against a particularly vicious officer, and killed the officer when he
came to investigate the disturbance. As he concludes by relating the
flogging he received, Goryanchickov is dragged in, half dead from his
Late afternoon. Spring.
Goryanchikov asks the Tartar boy Layeya about his family and offers to
teach him to read and write.
It is Easter Day, and when the day’s work is over, local citizens appear
with gifts for the prisoners; the priest blesses them.
Skuratov tells the story of Luisa – A German girl he wanted to marry.
When instead she married a wealthy watchmaker, he went to the wedding
and shot the bridegroom.
On an improvised stage, the prisoners p3erform two plays: ‘Kedril and
Don Juan’ – a version of the Don Giovanni story – and ‘The Lovely
After the plays, a prisoner goes off with a prostitute. While Alyeya and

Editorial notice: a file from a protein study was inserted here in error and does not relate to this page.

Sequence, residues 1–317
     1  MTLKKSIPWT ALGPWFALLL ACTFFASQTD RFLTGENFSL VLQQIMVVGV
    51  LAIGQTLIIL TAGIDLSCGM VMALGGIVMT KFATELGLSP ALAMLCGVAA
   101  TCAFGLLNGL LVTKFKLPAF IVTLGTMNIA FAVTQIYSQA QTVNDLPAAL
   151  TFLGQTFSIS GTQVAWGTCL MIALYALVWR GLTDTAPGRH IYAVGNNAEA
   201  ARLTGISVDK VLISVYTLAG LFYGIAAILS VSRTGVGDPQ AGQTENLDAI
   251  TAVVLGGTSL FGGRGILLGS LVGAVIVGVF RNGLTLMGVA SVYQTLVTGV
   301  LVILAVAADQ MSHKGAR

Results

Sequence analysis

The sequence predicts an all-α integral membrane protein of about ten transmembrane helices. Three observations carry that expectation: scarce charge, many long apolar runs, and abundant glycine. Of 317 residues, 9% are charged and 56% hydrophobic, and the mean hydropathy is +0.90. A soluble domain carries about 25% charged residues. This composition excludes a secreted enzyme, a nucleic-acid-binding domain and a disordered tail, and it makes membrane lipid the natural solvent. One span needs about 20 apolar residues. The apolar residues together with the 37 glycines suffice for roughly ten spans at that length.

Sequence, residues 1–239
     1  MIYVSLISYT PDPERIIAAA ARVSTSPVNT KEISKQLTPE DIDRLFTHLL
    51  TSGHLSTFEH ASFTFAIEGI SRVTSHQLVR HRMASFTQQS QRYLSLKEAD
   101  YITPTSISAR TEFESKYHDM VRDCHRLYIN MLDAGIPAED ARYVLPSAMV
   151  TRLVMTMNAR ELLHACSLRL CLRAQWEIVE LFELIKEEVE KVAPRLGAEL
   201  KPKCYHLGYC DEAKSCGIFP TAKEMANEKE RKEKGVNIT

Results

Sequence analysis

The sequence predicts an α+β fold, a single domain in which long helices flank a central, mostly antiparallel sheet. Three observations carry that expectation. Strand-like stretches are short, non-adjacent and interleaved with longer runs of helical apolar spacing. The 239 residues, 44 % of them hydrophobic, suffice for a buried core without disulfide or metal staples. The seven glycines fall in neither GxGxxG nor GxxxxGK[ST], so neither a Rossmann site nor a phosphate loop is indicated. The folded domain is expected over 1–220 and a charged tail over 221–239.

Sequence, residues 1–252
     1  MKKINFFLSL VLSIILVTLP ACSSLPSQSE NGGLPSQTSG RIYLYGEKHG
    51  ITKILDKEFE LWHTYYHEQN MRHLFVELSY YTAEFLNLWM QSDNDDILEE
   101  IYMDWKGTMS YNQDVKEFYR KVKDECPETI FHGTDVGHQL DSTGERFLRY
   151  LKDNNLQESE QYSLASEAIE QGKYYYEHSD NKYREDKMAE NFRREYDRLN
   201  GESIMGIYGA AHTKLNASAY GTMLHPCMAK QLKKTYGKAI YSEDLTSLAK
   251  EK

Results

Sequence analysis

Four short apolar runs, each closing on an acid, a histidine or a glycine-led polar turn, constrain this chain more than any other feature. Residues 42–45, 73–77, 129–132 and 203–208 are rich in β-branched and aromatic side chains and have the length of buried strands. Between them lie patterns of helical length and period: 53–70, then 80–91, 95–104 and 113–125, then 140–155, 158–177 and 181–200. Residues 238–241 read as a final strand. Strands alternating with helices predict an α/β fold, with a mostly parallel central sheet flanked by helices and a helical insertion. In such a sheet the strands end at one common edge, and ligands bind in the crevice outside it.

Goryanchikov are drinking tea, the Small Prisoner, infuriated by
Goryanchikov’s privileged status, attacks and wounds Alyeya.
Alyeya cries out in his fever. Luka, who is dying, pours contempt on
Chekunov for his servile behaviour towards Goryanchkov. Shapkin
describes how a magistrate almost pulled his ears off.
Shishkov, egged on by Cherevin, tells the story of Akulka (Akulina):
Filka Morozov, his rival, claimed that he had slept with her, and
publicly dishonoured her. Shishkov was persuaded to marry her, and at
first believed her innocent. Later Filka persuaded him he was mistaken.
When Shishkov discovered that she still loved Filka, he killed her.
Luka dies as the story ends, and Shishkov recognises him as Filka. A
Guard summons Goryanchikov.
Morning. The Prison.
The Governor, drunk, apologises to Goryanchikov, and announces his
release. Alyeya says farewell to Goryanchikov. The prisoners release the
eagle, whose wing is now healed.
The Guards order them back to work.
Tyrrell, John: Janáček’s Operas: A Documentary Account (London:
Tyrrell, John: Czech Opera (Cambridge: Cambridge University
Singing in Czech: A Guide to Czech Lyric Diction and Vocal Repertoire
(Lanham: Scarecrow Press, 2001)
Full score of Chlubna/Bakala Edition from Universal Edition,
as well as forthcoming new edition from copyists’ score by Tyrrell/Mackerras
Zahradníček, Žítek, Jedlička etc., VPO: Mackerras (Decca 430375)